To share a resource (such as food ) is to make joint use of our countries culture’s and customs;
Many cultures have a recognizable cuisine, a specific set of cooking traditions using various spices
or a combination of flavors unique to that culture that evolves over time.

Other differences include preferences (hot or cold, spicy etc.), and practices, the study of which is known as gastronomy.
Many cultures have diversified their foods by means of preparation, cooking methods and manufacturing.

This also includes a complex food trade which helps the cultures to economically survive by-way-of food, not just by consumption.
Some popular types of ethnic foods include Italian, French, Japanese, Chinese, American, Cajun, Thai and Indian.
Various cultures throughout the world study the dietary analysis of food habits.

While evolutionarily speaking, as opposed to culturally, humans are omnivores,
religion and social constructs such as morality, activism or environmentalism will often affect which foods they will consume.
Food is eaten and typically enjoyed through the sense of taste, the perception of flavor from eating and drinking.
Certain tastes are more enjoyable for evolutionary purposes while others are not.

All ingredients should be used on a personal preference!
Feel free to use as much or as little as you like and add or omit any ingredients to your liking.

January 16, 2011

Aji de Gallina

Ají de Gallina (Spanish for chilli pepper chicken) is a traditional Peruvian dish which has its roots in the social upheaval of the French Revolution in 1789,

Chefs working for wealthy families lost their jobs after French aristocrats were imprisoned and executed. Some of these chefs 
traveled to the New World, including Peru, bringing with them French culinary expertise. Wealthy Peruvian creole families hired them to demonstrate their wealth to the ruling Spaniards.

The fusion of local cuisines with French cooking traditions led to many new recipes, including ají de gallina.
This is a shredded chicken dish in a spicy sauce flavored with cheese, garlic, nuts and Peruvian chilli peppers. Peruvians love eating this dish on cold days.

  • 1300g (4 lb) chicken
  • 120ml (½ cup) of olive oil
  • 1 large finely chopped onion
  • 8 cloves of minced garlic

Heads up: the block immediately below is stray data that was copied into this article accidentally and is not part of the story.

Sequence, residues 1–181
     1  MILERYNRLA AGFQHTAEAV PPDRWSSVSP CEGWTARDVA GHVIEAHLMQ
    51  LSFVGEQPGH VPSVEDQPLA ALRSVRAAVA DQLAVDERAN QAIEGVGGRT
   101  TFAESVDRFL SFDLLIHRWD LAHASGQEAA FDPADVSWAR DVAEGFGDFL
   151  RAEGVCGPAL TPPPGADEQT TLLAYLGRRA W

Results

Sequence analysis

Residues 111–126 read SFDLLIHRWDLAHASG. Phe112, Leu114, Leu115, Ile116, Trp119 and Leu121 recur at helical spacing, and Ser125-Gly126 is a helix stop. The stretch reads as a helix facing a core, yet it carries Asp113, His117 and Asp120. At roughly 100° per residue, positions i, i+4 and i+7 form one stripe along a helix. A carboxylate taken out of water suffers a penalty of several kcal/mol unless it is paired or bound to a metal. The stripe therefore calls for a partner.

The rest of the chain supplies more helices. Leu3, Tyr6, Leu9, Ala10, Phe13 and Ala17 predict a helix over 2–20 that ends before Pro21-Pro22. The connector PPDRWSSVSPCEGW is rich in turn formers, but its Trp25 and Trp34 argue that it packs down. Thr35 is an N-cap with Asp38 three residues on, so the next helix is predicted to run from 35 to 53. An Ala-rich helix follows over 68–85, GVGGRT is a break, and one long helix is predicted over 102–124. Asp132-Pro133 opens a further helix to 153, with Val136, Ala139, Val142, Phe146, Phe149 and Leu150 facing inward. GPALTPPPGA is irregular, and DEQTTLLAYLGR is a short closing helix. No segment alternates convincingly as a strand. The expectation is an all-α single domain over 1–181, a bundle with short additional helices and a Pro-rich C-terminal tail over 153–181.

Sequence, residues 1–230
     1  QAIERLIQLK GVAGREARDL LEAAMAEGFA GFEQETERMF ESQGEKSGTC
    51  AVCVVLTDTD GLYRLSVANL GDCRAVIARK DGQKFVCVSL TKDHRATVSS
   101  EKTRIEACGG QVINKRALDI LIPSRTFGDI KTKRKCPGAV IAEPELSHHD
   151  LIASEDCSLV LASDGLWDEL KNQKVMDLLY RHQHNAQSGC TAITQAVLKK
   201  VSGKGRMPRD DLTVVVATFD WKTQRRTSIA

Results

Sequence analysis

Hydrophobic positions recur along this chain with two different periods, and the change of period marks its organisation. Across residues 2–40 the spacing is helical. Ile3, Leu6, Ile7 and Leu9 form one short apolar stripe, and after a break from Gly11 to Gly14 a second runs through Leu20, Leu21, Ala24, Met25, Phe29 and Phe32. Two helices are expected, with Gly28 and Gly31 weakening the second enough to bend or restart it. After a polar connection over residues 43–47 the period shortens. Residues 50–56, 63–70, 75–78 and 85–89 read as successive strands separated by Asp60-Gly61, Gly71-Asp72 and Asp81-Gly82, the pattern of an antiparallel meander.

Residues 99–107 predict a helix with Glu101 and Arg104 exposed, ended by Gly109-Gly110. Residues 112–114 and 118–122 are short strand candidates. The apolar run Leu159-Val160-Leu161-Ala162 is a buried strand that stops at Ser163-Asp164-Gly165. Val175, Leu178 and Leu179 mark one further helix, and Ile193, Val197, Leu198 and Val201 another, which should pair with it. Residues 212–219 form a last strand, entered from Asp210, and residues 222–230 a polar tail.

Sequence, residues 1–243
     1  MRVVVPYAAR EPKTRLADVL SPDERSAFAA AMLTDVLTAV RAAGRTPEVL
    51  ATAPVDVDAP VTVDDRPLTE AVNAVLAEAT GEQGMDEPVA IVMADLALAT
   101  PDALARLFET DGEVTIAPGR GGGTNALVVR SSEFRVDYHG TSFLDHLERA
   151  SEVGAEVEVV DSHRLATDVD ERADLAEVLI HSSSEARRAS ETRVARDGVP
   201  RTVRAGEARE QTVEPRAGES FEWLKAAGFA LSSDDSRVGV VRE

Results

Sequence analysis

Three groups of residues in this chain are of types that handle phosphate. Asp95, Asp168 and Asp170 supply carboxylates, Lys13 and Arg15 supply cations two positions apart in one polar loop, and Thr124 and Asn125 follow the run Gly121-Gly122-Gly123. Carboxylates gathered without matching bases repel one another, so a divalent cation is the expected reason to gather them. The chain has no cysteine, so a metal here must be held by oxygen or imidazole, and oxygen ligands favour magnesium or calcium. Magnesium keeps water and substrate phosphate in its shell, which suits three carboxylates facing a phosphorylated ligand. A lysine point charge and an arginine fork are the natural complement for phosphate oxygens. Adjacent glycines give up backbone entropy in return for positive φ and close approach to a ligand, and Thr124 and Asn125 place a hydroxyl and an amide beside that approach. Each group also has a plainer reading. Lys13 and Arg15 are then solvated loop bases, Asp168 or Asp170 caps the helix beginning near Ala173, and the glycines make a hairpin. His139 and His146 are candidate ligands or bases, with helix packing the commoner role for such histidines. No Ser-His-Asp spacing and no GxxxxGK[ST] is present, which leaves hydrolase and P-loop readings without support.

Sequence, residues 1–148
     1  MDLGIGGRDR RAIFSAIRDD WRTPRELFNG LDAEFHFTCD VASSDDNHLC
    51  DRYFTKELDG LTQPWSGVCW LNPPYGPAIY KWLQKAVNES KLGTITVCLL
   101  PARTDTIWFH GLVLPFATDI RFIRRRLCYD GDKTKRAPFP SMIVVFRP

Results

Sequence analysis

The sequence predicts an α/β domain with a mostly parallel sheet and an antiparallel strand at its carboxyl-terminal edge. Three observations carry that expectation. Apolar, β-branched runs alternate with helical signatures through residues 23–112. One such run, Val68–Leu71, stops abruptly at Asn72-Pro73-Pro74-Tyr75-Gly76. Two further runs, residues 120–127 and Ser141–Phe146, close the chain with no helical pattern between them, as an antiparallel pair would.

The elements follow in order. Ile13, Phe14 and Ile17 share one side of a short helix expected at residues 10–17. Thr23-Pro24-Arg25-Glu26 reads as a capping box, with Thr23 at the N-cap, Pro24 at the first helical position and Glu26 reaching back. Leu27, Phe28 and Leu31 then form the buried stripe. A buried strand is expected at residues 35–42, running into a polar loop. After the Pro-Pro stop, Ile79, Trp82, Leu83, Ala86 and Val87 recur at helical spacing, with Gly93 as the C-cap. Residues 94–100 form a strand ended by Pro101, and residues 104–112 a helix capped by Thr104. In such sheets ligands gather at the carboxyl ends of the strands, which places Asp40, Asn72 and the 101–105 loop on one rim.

• 3 hot yellow South American chilli(seeds removed): Adjust quantity for individual taste.
  • Salt and pepper to taste
  • 1 chicken stock cube
  • ¼ loaf of bread
  • 110g (¼ lb) of chopped pecans
  • 110g (4 ounces) grated Parmesan cheese
  • 1 can evaporated milk
  • 1.6 kg (3.5 lbs) boiled rice
  • 4 hard boiled eggs
  • 6 potatoes
  • 120g (½ cup) black olives

Boil chicken in salted water together with the stock cube. Remove bones and break into bite size pieces, keeping the resulting
chicken stock.
In a saucepan, heat oil and saute the onion, garlic, and finely chopped chilli peppers and add salt and pepper. Fry this until the onions are cooked and golden.
Soak the bread in two cups of the stock from the boiled chicken and place in a blender with onion, garlic, and chilli peppers  for a couple of minutes and then add the 
resulting liquid to the saucepan.
Cook slowly for ten minutes. Cook slowly, stirring to thicken.
Add the chopped pecans, grated cheese, and chicken pieces. Cook until it has a thick creamy texture.
About five minutes before serving,add the evaporated milk and continue cooking on low heat.
Serve over the boiled rice and garnish with halved potatoes, eggs quartered lengthwise, and olives.

Time:45 mins approx
Difficulty: easy
The world today seems to be tearing families apart. The kids spend most of the day at school and half of what is left of the day doing homework. Calculate in ample rest, and your children are barely even yours to enjoy. Start a new tradition, and get to know your family again by incorporating a special family day into your week and together enjoy a special meal. 
This is one dish my kids really enjoy!

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